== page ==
In my early 20’s, I worked for a very prestigious law firm in downtown Los Angeles. It was the height of cocaine euphoria—and no one thought much about it because, well, cocaine was considered an elitist drug. Something cool people did at posh parties in Beverly Hills.
I don’t think anyone understood at the time the dangers of the drug, but I witnessed it first hand.
It started with my first day in this particular firm. I was excited to be working for one of the partners. That afternoon, he casually suggested that I check on a package that was being picked up by our internal courier from someone across town.
I tracked the man down and was told that he was stuck in traffic. Would it be okay to deliver the package first thing in the morning?
My boss hadn’t indicated an urgency, so I saw nothing wrong with giving the courier the leeway until morning.
In the early evening, my boss unexpectedly returned expressing a desperate need for the package. When I told him that the courier would be delivering it first thing tomorrow, he went ballistic.
Months later, I would learn that the late delivery was a package containing cocaine.
I haven’t thought much about the many unsettling moments that followed that first-day-on-the-job experience in years.
What I once believed was an isolated incident in my own life is now an epidemic.
The Truth about White Collar Addiction
White collar addiction can happen to any one of us. At the very least, it’s all around us. Addiction is disrupting our businesses and our lives. And, it has nothing to do with how intelligent or successful you are or the fact that you went to all the right schools. Actually, many of these factors are at the heart of addiction for those at the upper end of the socioeconomic spectrum.
According to Zimmerman, author of the memoir Smacked: A Story of White Collar Ambition, Addiction and Tragedy, the number of American professionals who suffer from addiction is increasing in astonishing proportions.
What’s shocking about her poignant story is that these numbers are increasing in professions that exemplify American success: law, medicine, finance, and technology.
Zimmerman carefully constructs a riveting narrative about her own ex-husband’s demise. Peter, like my boss years ago, was also a very successful attorney. When his own grandiose ideas of success and the pressure of performance became too much, Peter sought relief through daily injections of cocaine and crystal meth.
Spoiler alert: there’s no happy ending to this story. What Zimmerman does do is offer a vivid picture of how easy it is for any one of us—whether it be in our personal or professional lives—to overlook the warning signs of chronic drug abuse.
While there are no longitudinal studies of substance abuse amongst our most prominent professions, her extensive research into the cause and effect of white collar addiction clearly gives business owners and leaders reason to pause and consider how we structure and scale our companies.
How do we train and educate our employees to recognize substance abuse? What kind of culture can we develop to support a better work environment? How do we mitigate the internal and external losses associated with such abuse?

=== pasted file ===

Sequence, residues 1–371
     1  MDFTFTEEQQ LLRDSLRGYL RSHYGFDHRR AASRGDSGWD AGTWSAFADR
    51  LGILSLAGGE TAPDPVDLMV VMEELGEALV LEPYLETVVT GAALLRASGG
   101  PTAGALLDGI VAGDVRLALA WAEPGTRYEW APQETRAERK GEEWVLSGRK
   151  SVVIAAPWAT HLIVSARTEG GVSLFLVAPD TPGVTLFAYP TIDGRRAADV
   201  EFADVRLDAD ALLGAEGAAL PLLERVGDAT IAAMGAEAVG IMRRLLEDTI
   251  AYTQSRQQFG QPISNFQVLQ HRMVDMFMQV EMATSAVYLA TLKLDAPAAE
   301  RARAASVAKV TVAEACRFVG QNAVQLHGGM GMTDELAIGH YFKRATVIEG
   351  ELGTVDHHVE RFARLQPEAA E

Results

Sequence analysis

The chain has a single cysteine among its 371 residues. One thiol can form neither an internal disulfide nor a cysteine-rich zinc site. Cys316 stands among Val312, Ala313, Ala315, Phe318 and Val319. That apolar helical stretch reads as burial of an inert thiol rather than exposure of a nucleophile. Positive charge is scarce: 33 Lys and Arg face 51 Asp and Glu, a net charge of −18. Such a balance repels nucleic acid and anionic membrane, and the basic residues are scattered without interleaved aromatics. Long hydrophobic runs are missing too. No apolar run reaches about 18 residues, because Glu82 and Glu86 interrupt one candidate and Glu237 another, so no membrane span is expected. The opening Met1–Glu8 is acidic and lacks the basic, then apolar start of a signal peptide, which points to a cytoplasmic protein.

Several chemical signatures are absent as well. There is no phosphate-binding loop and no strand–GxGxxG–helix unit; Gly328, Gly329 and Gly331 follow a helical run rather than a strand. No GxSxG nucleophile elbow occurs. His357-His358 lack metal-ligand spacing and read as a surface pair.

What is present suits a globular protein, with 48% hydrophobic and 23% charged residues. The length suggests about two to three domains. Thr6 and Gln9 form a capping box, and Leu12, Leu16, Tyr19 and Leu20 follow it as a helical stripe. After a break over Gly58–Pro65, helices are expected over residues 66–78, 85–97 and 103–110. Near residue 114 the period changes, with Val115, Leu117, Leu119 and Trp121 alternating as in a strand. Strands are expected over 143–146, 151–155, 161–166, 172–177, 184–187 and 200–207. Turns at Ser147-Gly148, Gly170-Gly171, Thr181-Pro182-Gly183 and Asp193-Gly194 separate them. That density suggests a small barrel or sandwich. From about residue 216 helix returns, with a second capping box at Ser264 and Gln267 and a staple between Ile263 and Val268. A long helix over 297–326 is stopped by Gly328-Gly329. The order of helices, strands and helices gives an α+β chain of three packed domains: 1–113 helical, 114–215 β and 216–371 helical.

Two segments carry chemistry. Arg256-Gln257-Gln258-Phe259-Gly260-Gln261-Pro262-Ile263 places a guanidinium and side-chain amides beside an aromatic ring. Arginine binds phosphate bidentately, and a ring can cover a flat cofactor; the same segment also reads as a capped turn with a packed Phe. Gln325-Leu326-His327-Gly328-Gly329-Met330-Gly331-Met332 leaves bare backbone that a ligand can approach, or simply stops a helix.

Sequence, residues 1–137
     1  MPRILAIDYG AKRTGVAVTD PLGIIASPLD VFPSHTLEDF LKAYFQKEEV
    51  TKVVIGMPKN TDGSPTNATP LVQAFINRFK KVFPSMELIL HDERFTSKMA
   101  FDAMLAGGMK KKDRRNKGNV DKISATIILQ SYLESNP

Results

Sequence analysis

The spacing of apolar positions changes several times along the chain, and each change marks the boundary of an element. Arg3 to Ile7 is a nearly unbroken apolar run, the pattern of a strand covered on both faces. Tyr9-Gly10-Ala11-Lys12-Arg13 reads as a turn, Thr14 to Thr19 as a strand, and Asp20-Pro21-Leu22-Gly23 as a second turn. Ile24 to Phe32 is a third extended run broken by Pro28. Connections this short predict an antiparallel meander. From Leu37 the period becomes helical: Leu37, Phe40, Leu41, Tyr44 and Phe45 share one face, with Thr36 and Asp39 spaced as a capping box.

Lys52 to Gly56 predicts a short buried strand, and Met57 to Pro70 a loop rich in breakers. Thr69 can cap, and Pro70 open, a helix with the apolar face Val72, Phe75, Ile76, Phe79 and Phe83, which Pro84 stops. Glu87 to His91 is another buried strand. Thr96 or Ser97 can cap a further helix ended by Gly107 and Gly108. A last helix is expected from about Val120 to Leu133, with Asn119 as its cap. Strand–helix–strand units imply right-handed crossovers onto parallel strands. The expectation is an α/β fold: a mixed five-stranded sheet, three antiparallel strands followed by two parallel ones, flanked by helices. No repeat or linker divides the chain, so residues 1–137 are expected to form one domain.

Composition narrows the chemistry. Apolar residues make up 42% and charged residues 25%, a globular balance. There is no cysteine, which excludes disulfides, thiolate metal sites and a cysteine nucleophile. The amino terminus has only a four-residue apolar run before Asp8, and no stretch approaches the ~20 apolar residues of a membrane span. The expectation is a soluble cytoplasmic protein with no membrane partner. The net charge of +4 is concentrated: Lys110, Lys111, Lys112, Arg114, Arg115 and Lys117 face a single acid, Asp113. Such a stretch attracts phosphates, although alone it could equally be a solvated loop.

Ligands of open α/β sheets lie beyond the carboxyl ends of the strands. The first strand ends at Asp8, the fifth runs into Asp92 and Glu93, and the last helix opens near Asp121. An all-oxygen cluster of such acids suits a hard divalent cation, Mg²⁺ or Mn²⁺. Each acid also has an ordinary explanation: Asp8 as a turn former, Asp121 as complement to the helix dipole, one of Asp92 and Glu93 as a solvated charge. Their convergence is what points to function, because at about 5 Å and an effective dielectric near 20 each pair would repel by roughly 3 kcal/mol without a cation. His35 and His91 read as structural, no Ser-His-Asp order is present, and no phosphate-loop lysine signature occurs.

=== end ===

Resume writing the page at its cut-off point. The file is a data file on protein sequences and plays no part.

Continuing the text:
What Do the Stats Tell Us?
Peter, representative of just one professional, was spending an estimated $8,000 a month on drugs. Multiply that number by the emotional stress placed upon employees and co-workers and the cost to the firm to include health insurance, sick days, disruption to clients, and loss of reputation.
According to the National Institute on Drug Abuse, over 70,000 Americans died from a drug overdose in 2019. These numbers are broken down by specific drugs, but they do not indicate the percentage of while collar addicts.
What this means for those of us in business is that we don’t even know how to calculate the impact of white collar addiction on our companies until after the damage is done.
What Zimmerman’s research alerts us to as business owners is that many of these professionals started using drugs in high school or college, and the pressure of achievement eventually resulted in mental health issues like anxiety, depression, or bipolar disorder. While there is evidence of genetic predisposition to addiction, there is also evidence to suggest that 90% of abusers indicate some type of trauma in their lives.
What to Shoot for in Terms of Prevention
Substance abuse in all its many forms is a complex issue. Fortunately, Zimmerman has done some of the hard work for us. I don’t typically recommend memoirs to my clients, but this book is a must read for any business owner as it offers clean evidence of the symptoms of white collar addiction and the reasons behind such abuse, some of which we can mitigate in our own companies:
- A longing for meaning in life
- Lack of connectivity
- A longing for a deeper sense of community
- Pressure to perform
- Long work hours, seven days a week
- An intrinsic lack of spirituality
Obviously, business owners cannot be responsible for every aspect of an employee’s life. But, as leaders, you are accountable for the culture you foster. Unfortunately, in my practice, I encounter far too many people struggling in toxic work environments.
If you want to create a healthy, sustainable business, start by examining your company’s Vision, Mission, and Values to make sure that your systems and processes not only align with where you want to take the business but that they also support your people in living from their highest potential.
A great place to work culture can’t necessarily prevent white collar addiction, but you don’t want your business to be the source of such destruction either. By putting the proper infrastructure in place, you can be a source of prosperity and wellness, and, in doing so, be a solution to a very complex problem that is costing businesses around the globe a great deal of time, money, and heartache.